Essay on What´s Postmodern Aesthetics?

Essay on What´s Postmodern Aesthetics?

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Postmodern aesthetics is a branch of philosophy that deals with the nature of art, beauty, and taste, with the creation and appreciation of what is considered beauty at the specific time/era.1 For example, during the Renaissance, women that were to be considered beautiful and sexy would have to have curves and voluptuous bodies as opposed to today’s size 0 beauty standards. This shows that points of view, perception and aesthetics change with each era. Etymologically, the word aesthetic comes from the greek verb αισθάνομαι, which means I perceive, I feel. One key feature of postmodern aesthetics is the ideology and theory that the author is dead and that his intentions should not be considered the most important thing of his work, but how others interpret his work. The main person that discusses this theory is French literacy critic and theorist Roland Barthes in his essay "The Death of the Author" (1967).
In his text, the traditional notions of authorship are being challenged and, by doing so, challenging the writers/authors control over their own text. For example, many postmodern critics including Roland Barthes would argue that what the reader brings to a text has as much to do with how a reader interprets a text as what the author writes and intends. Equivelantely, social constructionists argue that authors themselves are written by their cultures and societies, authorship is a social construct and is granted by various communities, such as academic and professional groups. After reading Rolands text, I believe he is right about the authors intention not being the only way of interpreting a piece of art , text, or even music (song), since each individual viewing a specific piece has their own set of values, morals and l...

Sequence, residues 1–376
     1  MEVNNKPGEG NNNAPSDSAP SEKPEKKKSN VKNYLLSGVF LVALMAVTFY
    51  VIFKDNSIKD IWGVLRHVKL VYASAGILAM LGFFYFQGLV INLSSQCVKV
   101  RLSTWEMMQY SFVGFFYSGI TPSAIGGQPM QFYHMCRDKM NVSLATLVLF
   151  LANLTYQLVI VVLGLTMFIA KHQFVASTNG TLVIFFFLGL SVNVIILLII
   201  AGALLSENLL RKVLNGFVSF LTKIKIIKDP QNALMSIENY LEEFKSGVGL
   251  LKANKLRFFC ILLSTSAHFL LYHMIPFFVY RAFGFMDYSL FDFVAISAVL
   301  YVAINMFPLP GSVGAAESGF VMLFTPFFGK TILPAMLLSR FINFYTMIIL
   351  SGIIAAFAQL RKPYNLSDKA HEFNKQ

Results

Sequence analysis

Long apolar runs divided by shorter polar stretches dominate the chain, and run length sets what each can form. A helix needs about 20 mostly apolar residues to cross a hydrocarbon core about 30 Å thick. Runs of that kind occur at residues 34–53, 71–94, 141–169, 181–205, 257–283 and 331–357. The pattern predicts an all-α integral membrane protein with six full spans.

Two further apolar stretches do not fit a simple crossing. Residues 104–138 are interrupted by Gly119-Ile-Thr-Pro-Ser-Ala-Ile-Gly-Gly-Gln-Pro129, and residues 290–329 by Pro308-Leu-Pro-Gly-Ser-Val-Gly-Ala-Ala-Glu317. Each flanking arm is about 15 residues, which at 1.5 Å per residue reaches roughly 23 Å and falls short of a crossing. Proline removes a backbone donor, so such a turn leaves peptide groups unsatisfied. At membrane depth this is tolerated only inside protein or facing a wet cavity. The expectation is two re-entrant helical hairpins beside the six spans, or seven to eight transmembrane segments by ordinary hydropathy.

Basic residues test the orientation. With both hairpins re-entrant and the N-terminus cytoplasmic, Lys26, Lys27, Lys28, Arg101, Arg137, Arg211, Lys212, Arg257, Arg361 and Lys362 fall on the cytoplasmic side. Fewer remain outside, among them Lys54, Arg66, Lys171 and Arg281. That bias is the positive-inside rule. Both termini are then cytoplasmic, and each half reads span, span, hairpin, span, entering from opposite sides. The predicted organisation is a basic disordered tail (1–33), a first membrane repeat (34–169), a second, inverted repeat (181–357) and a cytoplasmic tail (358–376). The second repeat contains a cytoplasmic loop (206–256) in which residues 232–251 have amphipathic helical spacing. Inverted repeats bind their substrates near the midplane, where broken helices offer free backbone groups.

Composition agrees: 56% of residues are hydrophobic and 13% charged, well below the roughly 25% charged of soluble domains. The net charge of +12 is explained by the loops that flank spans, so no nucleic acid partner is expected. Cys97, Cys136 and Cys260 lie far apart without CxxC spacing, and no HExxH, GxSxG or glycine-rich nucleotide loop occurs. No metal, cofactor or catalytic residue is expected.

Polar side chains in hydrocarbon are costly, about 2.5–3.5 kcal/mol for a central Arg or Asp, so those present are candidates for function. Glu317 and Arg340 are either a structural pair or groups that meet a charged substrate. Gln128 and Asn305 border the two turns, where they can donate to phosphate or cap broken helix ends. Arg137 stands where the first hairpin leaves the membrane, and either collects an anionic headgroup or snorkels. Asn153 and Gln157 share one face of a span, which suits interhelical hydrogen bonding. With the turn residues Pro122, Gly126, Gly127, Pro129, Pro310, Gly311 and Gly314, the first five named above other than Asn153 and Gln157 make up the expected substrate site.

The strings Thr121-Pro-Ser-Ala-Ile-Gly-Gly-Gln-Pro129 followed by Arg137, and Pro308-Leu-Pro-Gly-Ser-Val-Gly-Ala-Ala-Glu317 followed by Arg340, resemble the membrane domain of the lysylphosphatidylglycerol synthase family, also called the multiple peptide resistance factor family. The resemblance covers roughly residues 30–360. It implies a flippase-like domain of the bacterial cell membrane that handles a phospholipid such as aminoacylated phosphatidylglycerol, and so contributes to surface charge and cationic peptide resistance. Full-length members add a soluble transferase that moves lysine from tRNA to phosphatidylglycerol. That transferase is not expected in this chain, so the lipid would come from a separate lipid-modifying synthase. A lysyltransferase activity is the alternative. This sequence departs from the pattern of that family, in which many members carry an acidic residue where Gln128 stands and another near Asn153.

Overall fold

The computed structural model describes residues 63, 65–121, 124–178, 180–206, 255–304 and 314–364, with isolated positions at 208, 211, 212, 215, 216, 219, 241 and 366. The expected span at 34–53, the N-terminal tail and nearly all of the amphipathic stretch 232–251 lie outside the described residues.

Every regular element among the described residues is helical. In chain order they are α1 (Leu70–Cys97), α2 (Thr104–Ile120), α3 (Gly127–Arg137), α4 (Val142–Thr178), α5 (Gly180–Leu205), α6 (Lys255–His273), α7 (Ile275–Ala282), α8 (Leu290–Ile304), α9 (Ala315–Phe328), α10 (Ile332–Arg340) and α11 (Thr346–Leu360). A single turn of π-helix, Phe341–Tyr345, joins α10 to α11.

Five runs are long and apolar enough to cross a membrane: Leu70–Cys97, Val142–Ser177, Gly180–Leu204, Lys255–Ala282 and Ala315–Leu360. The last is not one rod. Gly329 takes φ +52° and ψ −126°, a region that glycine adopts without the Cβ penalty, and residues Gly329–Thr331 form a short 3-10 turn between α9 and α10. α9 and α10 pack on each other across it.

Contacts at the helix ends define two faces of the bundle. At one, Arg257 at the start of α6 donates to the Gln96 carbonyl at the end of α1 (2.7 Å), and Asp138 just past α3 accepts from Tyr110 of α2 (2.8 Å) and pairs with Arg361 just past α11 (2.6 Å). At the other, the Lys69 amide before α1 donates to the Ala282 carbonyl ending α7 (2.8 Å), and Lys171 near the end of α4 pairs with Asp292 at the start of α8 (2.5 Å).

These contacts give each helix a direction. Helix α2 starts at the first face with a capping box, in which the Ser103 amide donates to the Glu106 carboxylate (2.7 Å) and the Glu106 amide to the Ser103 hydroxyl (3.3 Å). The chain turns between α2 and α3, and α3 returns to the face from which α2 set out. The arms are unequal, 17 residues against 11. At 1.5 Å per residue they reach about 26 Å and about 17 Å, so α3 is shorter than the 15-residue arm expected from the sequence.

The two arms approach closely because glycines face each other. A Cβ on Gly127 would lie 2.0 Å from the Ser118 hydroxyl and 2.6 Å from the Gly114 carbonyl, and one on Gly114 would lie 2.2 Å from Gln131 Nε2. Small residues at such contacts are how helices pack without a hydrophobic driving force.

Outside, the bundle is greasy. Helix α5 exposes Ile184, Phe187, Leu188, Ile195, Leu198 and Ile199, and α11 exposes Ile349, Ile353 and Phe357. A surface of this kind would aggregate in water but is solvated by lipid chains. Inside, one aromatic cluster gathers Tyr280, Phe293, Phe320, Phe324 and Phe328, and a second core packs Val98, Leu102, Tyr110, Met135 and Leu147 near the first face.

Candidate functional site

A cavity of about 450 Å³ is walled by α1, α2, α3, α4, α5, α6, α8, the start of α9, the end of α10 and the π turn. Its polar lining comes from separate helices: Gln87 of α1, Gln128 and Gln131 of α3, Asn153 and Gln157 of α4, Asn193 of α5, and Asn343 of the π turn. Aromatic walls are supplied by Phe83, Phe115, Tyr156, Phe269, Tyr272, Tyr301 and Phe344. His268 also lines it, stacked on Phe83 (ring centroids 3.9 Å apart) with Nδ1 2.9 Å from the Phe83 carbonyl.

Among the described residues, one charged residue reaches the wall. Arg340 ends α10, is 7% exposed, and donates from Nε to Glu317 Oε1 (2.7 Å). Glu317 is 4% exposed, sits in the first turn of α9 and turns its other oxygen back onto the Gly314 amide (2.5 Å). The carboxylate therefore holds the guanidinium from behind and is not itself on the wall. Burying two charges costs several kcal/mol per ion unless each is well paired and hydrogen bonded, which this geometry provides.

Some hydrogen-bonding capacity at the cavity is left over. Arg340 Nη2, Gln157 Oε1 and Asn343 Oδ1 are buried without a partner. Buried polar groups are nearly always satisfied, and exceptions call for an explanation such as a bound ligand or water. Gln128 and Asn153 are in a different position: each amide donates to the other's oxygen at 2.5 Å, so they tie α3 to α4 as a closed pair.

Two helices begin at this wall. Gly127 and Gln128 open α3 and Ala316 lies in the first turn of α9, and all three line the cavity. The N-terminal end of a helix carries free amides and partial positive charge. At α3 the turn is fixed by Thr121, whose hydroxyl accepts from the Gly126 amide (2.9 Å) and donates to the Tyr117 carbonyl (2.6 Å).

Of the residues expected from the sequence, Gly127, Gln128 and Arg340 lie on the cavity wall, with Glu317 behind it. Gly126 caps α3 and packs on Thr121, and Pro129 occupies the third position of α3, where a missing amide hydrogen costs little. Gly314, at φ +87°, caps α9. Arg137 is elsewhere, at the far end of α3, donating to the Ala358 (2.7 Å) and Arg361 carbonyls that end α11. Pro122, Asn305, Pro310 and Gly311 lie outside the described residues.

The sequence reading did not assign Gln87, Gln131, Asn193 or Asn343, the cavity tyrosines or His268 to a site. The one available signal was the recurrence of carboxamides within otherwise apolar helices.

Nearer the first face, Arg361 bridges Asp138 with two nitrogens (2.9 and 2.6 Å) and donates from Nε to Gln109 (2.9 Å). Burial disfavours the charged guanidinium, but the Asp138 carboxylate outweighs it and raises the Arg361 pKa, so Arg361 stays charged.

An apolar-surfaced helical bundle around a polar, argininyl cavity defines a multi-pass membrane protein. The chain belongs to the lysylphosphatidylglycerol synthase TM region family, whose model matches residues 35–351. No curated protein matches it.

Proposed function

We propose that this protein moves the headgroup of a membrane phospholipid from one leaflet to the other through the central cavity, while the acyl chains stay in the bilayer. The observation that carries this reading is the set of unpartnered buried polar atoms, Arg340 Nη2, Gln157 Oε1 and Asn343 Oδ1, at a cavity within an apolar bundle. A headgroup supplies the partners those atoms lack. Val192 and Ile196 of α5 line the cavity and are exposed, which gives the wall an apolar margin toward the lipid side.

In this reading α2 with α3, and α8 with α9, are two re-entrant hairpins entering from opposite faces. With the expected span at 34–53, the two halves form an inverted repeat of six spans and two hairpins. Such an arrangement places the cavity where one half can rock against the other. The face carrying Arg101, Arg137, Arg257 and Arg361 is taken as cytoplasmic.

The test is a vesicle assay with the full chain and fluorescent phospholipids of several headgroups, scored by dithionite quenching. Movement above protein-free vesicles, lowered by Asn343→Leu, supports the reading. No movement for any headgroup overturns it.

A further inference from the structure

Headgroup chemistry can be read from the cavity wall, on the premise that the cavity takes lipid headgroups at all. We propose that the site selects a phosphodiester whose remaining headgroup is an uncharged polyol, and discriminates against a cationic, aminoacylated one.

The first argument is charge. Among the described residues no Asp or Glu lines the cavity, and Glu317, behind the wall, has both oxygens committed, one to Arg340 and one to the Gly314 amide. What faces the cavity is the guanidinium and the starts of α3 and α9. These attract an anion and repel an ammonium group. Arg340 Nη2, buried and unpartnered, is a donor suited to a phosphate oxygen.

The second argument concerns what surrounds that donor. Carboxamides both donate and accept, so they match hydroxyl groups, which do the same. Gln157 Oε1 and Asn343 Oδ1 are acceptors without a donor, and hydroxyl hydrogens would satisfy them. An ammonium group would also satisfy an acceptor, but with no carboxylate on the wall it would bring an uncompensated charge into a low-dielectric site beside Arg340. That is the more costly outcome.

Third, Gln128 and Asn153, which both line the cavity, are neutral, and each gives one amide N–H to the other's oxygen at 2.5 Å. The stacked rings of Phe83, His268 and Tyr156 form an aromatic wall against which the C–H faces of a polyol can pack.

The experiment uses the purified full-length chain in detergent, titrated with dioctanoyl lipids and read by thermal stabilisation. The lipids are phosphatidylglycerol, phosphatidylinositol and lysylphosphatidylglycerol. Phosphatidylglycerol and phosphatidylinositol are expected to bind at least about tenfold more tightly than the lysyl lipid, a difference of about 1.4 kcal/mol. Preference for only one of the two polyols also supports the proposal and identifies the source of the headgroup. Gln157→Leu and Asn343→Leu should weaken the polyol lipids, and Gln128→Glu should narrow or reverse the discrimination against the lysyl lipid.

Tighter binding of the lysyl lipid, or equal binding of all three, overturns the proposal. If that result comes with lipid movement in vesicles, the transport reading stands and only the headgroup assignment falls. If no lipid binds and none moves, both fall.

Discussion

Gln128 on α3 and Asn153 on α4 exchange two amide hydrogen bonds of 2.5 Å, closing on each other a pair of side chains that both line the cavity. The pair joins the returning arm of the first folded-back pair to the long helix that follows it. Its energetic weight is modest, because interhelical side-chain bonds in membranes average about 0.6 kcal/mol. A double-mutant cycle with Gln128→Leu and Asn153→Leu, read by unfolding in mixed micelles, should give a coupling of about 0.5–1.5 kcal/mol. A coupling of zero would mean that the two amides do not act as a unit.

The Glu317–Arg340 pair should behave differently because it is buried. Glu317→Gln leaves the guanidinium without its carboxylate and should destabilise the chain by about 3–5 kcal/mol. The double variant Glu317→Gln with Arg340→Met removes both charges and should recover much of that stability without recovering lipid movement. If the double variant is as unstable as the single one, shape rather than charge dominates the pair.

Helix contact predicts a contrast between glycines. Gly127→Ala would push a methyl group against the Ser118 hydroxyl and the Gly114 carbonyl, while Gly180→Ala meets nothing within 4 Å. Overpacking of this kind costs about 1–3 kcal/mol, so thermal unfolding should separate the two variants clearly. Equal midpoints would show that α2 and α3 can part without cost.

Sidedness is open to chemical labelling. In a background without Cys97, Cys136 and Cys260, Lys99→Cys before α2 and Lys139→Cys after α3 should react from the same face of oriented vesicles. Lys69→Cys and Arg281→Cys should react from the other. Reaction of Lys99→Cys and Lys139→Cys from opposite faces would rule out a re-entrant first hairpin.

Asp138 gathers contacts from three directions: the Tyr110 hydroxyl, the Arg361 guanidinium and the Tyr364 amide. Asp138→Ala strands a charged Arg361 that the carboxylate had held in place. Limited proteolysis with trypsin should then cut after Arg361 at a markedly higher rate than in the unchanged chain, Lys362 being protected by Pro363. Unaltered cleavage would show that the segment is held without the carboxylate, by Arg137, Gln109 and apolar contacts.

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...hem and their work.21 This relates greatly to what Barthes talks about in his text, because if it is not the author/artist himself that produces a body of work but a "muse/genius", then we cannot entirelly believe that the author/artist should have any say in what their work is about. In addition, it is clear within the fashion and music industry that things repeat themselves after a certain amount of time. Therefore, their is not much originallity left in the world since everyone is "inspired" by someone in the past to help them produce their work. All in all, I strongly believe that Roland Barthes is correct with his ideology that the artist in general, is progressivelly losing their authority over their creations, because if they were not and we had to thank everyone who contributed into a body of work they produced in any way, we would be dead before we finished.

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